The Book of Numbers by William Harston
John Blake Publishing (Metro Books)
Recommended Read this week is 'The Book of Numbers' by William Harston, a mathematician and industrial psychologist, published by John Blake Publishing. Personally, as an avid collector of information and data, I enjoyed his fun reference book about the meaning of specific numbers, in literature, art and music, statistical information, coincidences, oddities, and numerical historical facts. Was Douglas Adams was right about 42 being the answer to life, the Universe and Everything?
The author, William R Harston, is a journalist who writes the Beachcomber column in the British newspaper the Daily Express and is an accomplished chess player. He played chess competitively from 1962 to 1987, with a highest Elo rating of 2485. Randomly, during his time as a PhD student at Cambridge, Hartston became the first person to stack the pieces from an entire chess set on top of a single white rook.
Celestial Geometry - Understanding the Meanings of Astronomical Sites by Ken Taylor
Watkins Publishing Ltd
Ken Taylor has an well founded reputation for thoroughly researched books on ancient traditions. With experience as an archaeologist he has written extensively on Palaeolithic alignments, celestial events, earth energies, astronomy and mythology. Ken Taylor has also worked as a freelance journalist, website editor and runs a small publishing business.
He has written 6 books and has co-authored a further 6 in partnership with his wife Joules. Titles include:
Early Heaven Oracle (Rider,2002 )
Tarot for Today (London House, 2000)
Werewolves (2009) and Ghosts ( 2010) for Spruce.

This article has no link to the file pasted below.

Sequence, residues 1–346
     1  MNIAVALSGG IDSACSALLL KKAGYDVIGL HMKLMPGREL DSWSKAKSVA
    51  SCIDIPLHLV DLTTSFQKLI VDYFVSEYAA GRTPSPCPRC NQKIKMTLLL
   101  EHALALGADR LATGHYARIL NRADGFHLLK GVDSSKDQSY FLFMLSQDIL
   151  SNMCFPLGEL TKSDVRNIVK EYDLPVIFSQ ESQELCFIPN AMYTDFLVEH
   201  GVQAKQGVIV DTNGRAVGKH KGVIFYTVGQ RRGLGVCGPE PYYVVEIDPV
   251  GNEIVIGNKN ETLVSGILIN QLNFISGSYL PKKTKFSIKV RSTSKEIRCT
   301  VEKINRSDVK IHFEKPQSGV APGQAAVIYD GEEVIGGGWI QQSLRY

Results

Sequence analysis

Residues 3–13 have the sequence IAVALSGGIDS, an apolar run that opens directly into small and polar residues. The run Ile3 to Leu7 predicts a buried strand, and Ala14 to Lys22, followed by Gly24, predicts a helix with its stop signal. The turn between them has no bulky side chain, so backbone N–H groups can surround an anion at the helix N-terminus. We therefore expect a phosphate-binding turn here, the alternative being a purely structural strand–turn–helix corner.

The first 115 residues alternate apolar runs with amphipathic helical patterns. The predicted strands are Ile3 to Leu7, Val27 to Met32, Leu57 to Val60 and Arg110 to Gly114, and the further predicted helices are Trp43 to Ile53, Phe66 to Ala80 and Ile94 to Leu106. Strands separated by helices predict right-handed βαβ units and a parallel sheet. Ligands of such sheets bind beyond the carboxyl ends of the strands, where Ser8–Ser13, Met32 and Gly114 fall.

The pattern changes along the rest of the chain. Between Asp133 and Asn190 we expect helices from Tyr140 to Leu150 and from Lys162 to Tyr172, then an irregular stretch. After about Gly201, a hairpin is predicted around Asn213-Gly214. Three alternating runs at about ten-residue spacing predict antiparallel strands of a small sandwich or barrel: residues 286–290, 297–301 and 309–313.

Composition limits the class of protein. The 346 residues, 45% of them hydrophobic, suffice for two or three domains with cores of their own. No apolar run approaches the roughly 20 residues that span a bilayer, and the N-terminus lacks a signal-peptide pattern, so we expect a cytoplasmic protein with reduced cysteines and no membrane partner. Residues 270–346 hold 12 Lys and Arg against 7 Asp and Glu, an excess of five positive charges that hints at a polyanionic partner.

The Eye - The Seer and the Seen by Francis Huxley
Thames and Hudson
Recommended Read this week is 'The Eye - The Seer and the Seen' by Francis Huxley, Thames and Hudson. Not a huge book but a good general overview of the importance of the Eye as a symbol in different cultures. Also because Huxley was an effective advocate and activist for indigenous peoples and the Eye is my favourite symbol.
Francs Huxley (1923 - 2016) was an anthropologist and botanist with diverse interests and a lifelong interest in shamanism and the altered states of consciousness often experienced by sacred 'healers'. In the 1950's his pioneering fieldwork among the Urubu people of the Amazon basin and his book 'Affable Savages' (1956) resulted in new personal reflective approach to the study of culture, rather than objective. He was also an activist for indigenous peoples, founding Survival International with fellow anthropologists. Survival International provides a platform for exposing genocide, violence, slavery and exploitation.
Francis was the son of Julian Huxley, biologist and first director general of Unesco. He was part of a dynasty that included Julian’s brother, the author Aldous Huxley, and half-brother, the physiologist and Nobel laureate Andrew Huxley. Francis was also the great-grandson of Charles Darwin’s friend Thomas Henry Huxley.
A Beginner's Guide to Constructing the Universe by Michael S Schneider
Recommended Read this week is 'A Beginner's Guide to Constructing the Universe' by Michael S Schnieder published by Harper Perennial.
Another book that is a readable and informative introduction to sacred geometry. Schnieder focuses on the drawing/construction of the geometric principles created by 0, 1 to 10, sequentially. He includes relevant quotes, examples in nature, the human body, myths, art and architecture. Plenty of interesting material about each of the numbers but he does not draw any conclusions.
Calling himself 'an educator and writer who encourages a love of learning' on his website Schnieder provides numerous workbooks and CDs about 'the intersections of mathematics, nature, art, science and culture'.